“Our biggest concern with this executive order was the fact that the president himself has no credibility to combat anti-Semitism when he has actually ignited the flames of hatred in our country to include the rise of anti-Semitism,” Soifer added.
She called the order a “choreographed political stunt.”
“He has repeatedly tried to use Israel and even the issue itself of anti-Semitism as part of his political agenda,” Soifer said. “He’s used it as a political wedge issue … or shielding his racist screed against four Democratic congresswomen of color this summer as justified somehow by their view on Israel or calling all Jews who support Democrats ‘disloyal.’”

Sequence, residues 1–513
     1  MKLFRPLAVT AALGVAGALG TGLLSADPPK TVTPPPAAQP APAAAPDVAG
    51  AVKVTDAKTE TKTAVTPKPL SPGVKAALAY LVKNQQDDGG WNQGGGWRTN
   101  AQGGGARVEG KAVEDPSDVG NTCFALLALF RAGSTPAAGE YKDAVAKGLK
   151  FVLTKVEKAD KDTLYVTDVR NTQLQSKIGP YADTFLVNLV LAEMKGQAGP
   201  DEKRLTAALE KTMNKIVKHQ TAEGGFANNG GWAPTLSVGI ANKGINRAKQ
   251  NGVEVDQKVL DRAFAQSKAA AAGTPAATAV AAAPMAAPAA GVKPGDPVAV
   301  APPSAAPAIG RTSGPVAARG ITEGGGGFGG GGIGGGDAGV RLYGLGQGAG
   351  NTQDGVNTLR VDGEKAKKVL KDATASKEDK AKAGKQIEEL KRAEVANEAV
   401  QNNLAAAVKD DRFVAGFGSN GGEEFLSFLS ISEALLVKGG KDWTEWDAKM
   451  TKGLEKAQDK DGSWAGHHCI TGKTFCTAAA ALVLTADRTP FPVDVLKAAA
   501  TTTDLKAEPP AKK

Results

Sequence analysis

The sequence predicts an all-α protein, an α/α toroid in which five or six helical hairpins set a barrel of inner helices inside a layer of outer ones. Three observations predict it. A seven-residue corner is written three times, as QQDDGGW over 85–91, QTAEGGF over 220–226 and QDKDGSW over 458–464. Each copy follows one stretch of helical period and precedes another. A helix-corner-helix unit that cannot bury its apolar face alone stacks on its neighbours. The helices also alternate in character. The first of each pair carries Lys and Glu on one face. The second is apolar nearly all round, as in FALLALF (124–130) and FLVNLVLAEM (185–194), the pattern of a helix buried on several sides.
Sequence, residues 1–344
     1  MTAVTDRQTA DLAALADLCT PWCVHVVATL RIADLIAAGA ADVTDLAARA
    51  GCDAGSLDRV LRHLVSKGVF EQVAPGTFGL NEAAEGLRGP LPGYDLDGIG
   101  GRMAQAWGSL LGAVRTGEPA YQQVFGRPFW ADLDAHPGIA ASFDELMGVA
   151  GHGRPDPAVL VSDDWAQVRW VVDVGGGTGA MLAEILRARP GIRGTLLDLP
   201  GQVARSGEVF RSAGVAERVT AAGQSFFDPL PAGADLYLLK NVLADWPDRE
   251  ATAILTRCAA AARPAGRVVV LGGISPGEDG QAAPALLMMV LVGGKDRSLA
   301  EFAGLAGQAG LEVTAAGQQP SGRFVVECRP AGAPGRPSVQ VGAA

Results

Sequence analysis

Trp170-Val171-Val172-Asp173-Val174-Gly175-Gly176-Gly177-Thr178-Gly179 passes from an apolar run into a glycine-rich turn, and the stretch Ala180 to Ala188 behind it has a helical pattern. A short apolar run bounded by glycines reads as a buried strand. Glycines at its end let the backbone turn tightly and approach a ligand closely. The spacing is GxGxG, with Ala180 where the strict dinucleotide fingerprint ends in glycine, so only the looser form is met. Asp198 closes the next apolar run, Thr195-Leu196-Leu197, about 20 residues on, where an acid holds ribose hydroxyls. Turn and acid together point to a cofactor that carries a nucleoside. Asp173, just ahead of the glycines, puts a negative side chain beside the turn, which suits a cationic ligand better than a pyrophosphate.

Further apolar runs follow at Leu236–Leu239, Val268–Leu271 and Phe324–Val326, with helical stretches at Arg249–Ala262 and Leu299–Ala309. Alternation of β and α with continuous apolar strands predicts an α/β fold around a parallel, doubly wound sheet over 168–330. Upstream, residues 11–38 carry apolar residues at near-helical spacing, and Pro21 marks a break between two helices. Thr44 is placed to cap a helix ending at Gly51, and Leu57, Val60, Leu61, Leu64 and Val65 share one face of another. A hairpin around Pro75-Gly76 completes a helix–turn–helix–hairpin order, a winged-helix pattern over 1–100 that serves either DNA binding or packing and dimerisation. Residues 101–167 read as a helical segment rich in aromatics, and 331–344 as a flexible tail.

However, the president’s defenders argue that his opponents have taken Trump’s comments out of context.
“This is what we hear everywhere. This is the same speech he gives in New York and Florida and Texas and Mississippi,” Republican Jewish Coalition spokesman Neil Strauss said, referring to Trump’s remarks about Warren. “He says it to everybody. It has nothing to do with being a Jewish audience.”
The White House has also pushed back on criticism that the order would abridge protected speech.
“In enforcing Title VI against the wider spectrum of prohibited discrimination, government agencies will continue to respect the free flow of ideas, even those that are detestable, and enforce critical protections for free speech and political debate,” Kushner wrote in his New York Times op-ed.
“But we will stand firmly against using taxpayer resources to entrench and subsidize invidious discrimination,” he added.